Hutton: Marc Trestman’s job should be on the line next year
I was continually stupefied by this strange phenomena: The free pass that Bears coach Marc Trestman received this season for what was a pretty mediocre performance. It’s too early in his tenure to ask for his job on a platter, but it wasn’t a great rookie year for the coach.
This thought occurred to me as I watched a very average Packers team almost beat the 49ers on Sunday in the playoffs: Something is totally out of whack in the NFL if a 12-4 team needs a field goal on the final play to defeat an 8-7-1 Green Bay squad that was racked with injuries. That’s parity at its finest.
That brings me to Trestman and the Bears. Chicago, it seems, was so starved for some offense they glossed over the fact that Trestman is Lovie Smith in reverse right now.
He can coach up the offense but he is going to perpetually be searching for that take-them-to-the-next-level defensive coordinator. I’m not sure it’s fair to say that Trestman is a great offensive mind just yet.
He was blessed with offensive gifts that Smith didn’t have last year. Namely, a much improved offensive line and a pair of wide receivers — Brandon Marshall and Alshon Jeffery — that were pretty darn good.
The way I viewed the season was that a more experienced coach, like say Smith, wouldn’t have blown two games for the Bears and the defense, which admittedly was beset with injuries, would’ve still figured out a way not to give up the most rushing yards per carry of any team in the NFL (5.3 yards per carry).
Then the loss to the Packers in the final week would not have mattered. The overtime loss to Minnesota, when Trestman made Robbie Gould try a 47-yard field goal on second down and the home field defeat to the Lions should fall squarely on Trestman’s postseason evaluation as his screw ups. The Lions loss was unnecessary if Trestman starts a healthy Josh McCown instead of finishing the game with him. Instead, the Bears were addled with a gimpy Jay Cutler.
Cutler is clearly Trestman’s guy — and your guy, too, if you are a Bears fan whether you like it or not — but he shouldn’t have played that game at all. Add it all up and the Bears should be 10-6, not 8-8, if they have just a little better judgment from the head coach. Yet Trestman gets cut lots of slack because A) the Bears aren’t used to making the playoffs, B) the fans and media generally have low expectations anyway, and C) Trestman and general manager Phil Emery were standup guys.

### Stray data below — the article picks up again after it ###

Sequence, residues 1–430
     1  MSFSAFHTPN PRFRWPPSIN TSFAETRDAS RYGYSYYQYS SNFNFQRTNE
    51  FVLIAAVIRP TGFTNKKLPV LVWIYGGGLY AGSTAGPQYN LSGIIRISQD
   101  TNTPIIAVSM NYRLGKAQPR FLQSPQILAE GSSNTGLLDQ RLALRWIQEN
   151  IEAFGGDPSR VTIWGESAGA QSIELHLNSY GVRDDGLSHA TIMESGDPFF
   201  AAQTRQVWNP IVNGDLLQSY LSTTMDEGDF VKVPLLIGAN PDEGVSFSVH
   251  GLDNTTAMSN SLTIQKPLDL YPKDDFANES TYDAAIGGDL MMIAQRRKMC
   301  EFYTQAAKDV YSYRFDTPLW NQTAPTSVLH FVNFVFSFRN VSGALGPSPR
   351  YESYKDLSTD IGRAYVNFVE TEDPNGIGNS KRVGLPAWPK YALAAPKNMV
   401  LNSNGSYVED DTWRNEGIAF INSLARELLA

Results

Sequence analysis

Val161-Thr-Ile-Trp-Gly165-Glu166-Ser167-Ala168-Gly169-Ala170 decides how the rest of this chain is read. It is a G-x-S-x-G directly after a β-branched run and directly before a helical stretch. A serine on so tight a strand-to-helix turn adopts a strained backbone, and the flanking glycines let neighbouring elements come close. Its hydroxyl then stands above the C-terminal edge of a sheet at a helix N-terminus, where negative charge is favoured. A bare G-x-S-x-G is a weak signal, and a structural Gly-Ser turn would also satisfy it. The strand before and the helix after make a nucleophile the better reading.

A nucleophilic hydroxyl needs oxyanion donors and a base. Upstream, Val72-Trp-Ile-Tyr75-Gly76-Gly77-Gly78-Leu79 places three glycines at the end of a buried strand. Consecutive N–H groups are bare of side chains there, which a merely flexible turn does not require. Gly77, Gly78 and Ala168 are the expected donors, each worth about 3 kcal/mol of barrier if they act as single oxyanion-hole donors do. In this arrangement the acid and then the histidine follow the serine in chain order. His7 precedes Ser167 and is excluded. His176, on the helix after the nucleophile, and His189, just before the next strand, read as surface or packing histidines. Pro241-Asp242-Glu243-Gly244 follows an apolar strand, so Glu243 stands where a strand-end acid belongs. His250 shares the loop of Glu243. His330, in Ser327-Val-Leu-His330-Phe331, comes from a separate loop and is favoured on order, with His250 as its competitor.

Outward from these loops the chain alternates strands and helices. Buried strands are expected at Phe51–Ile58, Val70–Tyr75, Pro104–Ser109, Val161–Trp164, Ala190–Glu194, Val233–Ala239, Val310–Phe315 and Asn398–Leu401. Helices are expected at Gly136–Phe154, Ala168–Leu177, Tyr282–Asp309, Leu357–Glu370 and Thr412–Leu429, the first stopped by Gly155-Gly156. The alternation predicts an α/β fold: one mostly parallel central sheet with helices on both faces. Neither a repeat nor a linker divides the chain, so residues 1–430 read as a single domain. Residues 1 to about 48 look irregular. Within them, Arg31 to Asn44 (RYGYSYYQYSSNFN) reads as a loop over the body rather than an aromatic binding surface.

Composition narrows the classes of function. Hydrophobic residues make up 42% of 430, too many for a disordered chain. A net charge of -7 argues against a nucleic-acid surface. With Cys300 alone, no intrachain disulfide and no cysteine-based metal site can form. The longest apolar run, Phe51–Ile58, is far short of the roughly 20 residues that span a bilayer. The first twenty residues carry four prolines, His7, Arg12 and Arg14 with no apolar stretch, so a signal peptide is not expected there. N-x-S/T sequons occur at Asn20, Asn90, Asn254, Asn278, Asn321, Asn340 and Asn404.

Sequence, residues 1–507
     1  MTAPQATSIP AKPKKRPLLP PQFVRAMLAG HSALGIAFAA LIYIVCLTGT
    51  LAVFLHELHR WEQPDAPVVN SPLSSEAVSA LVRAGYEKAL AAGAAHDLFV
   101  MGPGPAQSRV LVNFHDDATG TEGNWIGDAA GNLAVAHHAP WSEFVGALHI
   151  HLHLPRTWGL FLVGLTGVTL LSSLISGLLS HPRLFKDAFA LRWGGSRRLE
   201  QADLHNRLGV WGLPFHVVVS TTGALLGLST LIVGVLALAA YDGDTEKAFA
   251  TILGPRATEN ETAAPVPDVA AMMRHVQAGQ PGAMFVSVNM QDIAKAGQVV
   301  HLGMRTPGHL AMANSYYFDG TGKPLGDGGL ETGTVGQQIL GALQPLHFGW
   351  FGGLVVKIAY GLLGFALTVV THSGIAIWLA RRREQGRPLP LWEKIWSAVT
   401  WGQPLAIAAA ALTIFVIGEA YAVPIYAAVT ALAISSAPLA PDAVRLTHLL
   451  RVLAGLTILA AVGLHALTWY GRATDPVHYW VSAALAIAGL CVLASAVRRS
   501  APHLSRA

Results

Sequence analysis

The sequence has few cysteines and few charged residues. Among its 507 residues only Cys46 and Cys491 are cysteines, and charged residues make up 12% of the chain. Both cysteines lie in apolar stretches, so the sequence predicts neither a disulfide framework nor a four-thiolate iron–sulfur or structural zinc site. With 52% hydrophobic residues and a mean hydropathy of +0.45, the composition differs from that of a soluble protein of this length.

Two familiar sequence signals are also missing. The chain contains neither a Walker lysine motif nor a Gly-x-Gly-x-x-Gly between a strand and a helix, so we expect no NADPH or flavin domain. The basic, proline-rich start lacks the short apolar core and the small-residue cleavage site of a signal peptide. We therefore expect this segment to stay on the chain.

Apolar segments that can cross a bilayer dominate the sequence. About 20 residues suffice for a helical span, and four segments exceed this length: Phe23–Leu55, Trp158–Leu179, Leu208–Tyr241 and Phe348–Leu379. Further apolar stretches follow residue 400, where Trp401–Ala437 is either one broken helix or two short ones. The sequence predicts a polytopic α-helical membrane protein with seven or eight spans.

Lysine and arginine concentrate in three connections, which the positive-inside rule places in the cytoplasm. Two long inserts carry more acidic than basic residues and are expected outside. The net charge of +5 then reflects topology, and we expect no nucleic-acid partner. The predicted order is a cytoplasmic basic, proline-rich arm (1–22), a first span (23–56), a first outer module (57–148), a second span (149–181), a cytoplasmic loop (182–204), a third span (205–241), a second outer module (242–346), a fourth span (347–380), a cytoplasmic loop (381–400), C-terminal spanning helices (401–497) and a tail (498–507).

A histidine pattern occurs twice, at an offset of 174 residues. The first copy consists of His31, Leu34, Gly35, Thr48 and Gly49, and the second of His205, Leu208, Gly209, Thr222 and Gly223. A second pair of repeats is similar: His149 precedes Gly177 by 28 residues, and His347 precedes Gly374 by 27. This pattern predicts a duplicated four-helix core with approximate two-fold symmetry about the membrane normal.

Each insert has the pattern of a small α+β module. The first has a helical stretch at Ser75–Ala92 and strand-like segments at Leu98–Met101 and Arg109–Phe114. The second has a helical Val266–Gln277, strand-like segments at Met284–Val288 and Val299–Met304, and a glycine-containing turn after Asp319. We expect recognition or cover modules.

Smith, for all his faults (he didn’t reveal much publicly and when he did, people generally didn’t like what he said), was 84-66 with the Bears and he did take them to a Super Bowl. I eagerly await the next chapter of the Trestman era, but don’t be fooled by the gaudy offensive numbers and his easy going public approach.
Last time I checked, it’s still a result- oriented business and the Bears, no matter who played quarterback for them, should’ve been playing the 49ers Sunday, not the Packers, if there was some better game-day coaching.
Setting records: Say this about Valparaiso High School graduate Brad Karp. He has made a remarkable career for himself at St. Xavier, an NAIA school on the south side of Chicago.
Karp is averaging 28.1 points per game and he is just 42 points shy of becoming the all-time scoring leader at St. Xavier. He’ll likely break the record on Saturday against IU-South Bend. At VHS, Karp was a good player, but he averaged just 13 points per game his senior year.
There was never any indication that he would be one of the greatest NAIA players ever. Karp never had any Division I offers.
It’s clear that he’d be a great Division I player now, but that might not have been clear had he gone to Valparaiso University, which offered him a preferred walk-on spot. He probably wouldn’t have played much there — at least early on. At St. Xavier, he was a double digit scorer as a freshman and he was able to play every position on the court. Karp, who is majoring in Biology, will likely have a chance to play in Europe for a long time if he chooses to play professionally.
The lesson here is that a Division I scholarship doesn’t mean nearly as much if you don’t get to play often.